Hemetti: Military Takeover Was The Best Option

Crime Against Humanity

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Following the military’s takeover in Sudan on October 25, led by General Abdel Fattah al-Burhan, and the house arrest of Prime Minister Abdalla Hamdok, it took nearly a month of negotiations to reach an agreement.

But there is another significant figure in the country’s political dynamics: General Mohamed Hamdan Dagalo, also known as Hemeti. He is al-Buhan’s deputy in the Sovereign Council and the leader of the Rapid Support Forces, the army’s strongest division.

As many in Sudan and the region consider him the country’s most powerful figure, would he like to become the next president? General Dagalo talks to Al Jazeera.

Sudan Rapid Support Forces

It is clear that Mohamed Hamdan Dagalo received the questions in advance from the reporter. The answers he gives have been devised by a press officer and media coach.

Hemetti claims that it is not clear that his forces have committed any atrocities and that an independent investigation has been set up. He further claims that such rumors are only part of a demonization campaign against him and his forces.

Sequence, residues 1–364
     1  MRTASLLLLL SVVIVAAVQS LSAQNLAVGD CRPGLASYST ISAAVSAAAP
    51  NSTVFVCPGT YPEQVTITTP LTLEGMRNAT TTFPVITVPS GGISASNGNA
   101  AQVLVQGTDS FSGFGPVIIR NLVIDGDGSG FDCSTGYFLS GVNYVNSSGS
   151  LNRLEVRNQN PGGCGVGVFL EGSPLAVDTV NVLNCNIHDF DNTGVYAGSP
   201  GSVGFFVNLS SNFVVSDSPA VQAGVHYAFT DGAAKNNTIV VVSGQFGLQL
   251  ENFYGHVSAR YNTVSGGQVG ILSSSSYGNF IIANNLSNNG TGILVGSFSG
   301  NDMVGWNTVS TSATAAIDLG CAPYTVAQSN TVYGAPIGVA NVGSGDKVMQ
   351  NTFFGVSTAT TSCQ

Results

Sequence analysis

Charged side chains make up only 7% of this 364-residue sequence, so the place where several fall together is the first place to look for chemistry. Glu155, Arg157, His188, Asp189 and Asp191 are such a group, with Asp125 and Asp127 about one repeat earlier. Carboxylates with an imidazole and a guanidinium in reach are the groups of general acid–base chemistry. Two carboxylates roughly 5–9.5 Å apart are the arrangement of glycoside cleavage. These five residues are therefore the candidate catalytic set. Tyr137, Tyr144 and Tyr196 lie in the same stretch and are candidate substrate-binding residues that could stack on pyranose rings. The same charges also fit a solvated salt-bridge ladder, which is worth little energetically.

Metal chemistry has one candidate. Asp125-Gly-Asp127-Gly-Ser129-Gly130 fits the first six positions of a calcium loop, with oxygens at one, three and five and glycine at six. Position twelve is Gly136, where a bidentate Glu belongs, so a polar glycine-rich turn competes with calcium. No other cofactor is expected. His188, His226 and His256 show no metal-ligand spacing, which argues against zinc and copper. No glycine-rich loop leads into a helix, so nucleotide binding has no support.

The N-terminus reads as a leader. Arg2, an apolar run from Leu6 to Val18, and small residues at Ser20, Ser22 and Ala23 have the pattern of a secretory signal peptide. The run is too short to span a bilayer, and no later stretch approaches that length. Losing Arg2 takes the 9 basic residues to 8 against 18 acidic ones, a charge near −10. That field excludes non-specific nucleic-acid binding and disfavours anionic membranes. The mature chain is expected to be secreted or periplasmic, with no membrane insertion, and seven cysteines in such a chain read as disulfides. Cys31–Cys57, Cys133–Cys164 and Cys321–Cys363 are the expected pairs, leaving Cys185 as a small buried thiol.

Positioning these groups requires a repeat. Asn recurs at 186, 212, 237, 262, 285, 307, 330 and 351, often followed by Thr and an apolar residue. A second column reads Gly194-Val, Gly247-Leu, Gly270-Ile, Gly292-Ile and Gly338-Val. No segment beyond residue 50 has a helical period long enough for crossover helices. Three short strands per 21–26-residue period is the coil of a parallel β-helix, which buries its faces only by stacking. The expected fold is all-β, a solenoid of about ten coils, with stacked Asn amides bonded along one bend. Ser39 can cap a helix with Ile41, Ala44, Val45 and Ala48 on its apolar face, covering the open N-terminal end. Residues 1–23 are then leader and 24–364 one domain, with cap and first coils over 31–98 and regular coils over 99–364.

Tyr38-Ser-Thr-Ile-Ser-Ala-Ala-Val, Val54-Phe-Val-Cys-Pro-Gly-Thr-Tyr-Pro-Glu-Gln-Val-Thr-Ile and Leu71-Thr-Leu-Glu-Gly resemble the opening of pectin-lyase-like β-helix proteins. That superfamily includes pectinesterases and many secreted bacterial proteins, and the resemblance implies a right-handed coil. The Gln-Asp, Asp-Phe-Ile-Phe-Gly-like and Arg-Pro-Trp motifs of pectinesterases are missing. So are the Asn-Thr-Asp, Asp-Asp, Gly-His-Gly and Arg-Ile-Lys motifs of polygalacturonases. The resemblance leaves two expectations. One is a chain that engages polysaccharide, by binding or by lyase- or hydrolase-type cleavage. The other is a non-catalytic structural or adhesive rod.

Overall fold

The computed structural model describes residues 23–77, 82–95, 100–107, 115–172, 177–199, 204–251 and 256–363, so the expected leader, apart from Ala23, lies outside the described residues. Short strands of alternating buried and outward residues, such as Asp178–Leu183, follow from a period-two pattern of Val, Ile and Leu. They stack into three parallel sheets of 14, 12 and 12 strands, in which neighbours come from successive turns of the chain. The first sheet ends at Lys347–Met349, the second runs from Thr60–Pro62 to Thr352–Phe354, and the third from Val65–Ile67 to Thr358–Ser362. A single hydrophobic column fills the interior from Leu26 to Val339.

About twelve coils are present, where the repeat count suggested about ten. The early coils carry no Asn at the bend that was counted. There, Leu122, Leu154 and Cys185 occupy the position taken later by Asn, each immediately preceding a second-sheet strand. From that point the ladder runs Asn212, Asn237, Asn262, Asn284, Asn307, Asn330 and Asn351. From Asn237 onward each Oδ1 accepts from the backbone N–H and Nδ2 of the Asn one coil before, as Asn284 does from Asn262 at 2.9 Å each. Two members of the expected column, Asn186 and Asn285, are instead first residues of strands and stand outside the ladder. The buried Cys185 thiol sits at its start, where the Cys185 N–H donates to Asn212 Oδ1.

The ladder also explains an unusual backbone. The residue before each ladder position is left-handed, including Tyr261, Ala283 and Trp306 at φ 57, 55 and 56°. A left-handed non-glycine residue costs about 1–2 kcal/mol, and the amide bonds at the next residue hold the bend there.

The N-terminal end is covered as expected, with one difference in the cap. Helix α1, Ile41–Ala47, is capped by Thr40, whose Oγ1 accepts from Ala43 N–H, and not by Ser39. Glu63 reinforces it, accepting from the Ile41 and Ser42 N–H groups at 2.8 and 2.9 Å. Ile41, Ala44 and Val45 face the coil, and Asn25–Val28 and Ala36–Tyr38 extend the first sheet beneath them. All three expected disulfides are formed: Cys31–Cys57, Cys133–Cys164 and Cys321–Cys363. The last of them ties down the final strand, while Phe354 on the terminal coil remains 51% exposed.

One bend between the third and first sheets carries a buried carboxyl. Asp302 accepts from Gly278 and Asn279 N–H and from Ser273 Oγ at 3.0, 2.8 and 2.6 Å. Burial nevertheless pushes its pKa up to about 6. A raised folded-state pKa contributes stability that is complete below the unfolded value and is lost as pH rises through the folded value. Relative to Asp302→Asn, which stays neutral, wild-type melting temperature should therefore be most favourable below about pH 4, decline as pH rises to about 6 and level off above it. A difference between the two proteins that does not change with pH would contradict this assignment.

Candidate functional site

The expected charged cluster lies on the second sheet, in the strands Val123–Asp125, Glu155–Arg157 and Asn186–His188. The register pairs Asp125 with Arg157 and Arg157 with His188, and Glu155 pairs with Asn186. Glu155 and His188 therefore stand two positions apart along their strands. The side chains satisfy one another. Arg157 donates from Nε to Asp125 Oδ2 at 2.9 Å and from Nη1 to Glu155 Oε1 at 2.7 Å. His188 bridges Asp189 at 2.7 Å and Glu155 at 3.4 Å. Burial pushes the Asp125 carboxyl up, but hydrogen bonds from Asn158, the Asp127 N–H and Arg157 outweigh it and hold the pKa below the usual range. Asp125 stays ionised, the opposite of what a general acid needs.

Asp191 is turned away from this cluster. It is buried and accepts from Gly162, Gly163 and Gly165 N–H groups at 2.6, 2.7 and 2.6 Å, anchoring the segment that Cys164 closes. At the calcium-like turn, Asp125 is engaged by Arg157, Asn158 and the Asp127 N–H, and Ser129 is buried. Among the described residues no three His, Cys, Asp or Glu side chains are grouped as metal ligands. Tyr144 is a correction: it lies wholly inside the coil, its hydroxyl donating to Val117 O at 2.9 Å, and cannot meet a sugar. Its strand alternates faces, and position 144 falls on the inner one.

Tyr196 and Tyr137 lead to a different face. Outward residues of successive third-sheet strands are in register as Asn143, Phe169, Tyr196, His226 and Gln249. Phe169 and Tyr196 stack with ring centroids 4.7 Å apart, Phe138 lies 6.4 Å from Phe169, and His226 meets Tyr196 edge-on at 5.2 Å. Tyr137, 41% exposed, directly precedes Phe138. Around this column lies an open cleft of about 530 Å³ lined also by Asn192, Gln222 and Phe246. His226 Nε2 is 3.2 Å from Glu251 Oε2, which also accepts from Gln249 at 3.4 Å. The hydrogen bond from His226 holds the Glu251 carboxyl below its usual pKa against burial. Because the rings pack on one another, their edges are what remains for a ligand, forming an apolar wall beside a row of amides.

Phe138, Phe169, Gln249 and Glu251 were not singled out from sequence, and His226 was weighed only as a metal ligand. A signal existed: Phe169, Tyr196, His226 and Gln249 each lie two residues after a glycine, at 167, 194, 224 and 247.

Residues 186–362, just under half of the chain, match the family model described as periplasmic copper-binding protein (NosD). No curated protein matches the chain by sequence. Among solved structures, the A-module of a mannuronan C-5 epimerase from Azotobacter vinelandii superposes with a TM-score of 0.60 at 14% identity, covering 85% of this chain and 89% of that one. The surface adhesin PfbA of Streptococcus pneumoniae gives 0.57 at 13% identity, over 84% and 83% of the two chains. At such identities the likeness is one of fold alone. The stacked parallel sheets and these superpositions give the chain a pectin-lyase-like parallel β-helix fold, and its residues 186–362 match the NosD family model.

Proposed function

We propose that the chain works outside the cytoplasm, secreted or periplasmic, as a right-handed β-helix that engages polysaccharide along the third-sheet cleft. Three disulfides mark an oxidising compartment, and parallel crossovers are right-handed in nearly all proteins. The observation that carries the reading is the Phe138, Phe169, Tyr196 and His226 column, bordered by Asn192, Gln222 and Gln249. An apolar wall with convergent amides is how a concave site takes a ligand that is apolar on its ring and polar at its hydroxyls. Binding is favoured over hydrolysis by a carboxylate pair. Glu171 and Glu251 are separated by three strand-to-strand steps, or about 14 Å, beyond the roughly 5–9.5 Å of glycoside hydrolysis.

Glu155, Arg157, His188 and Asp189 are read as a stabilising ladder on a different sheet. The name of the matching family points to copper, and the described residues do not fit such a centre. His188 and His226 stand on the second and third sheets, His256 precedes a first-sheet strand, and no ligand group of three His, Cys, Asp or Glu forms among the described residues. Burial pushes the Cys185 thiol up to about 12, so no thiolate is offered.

A recently published article by the Middle East Eye lists all the deaths since the military coup began to date. Not only that, they also state the cause of death and have pictures of the victims. Their statistics are based on information from the Central Committee of Sudanese Doctors – a very credible source.

According to Human Rights Watch, abuses by Rapid Support Forces have been documented for many years. Akshaya Kumar reports: “Men like Mohamed Hamadan Dagalo (“Hemetti”) have enjoyed immunity from prosecution as a result of their role within the transitional government. For years, Human Rights Watch documented the abuses of his Rapid Support Forces (RSF), both in the capital and against the country’s marginalized populations in Hemetti’s native Darfur, but also the two areas of South Kordofan and Blue Nile.”

Furthermore, she writes: “While the Nov. 21 deal promises an investigation into the deaths and injuries of protesters in this latest round of killing, we’ve seen how previous attempts to hold Sudan’s security services accountable have been hamstrung, including the June 2019 inquiry into protester deaths at the hands of the RSF.”

There are already independent investigations that have been completed. And there is much to suggest that the information about the murders of unarmed protesters is not loose rumors and a demonization campaign.

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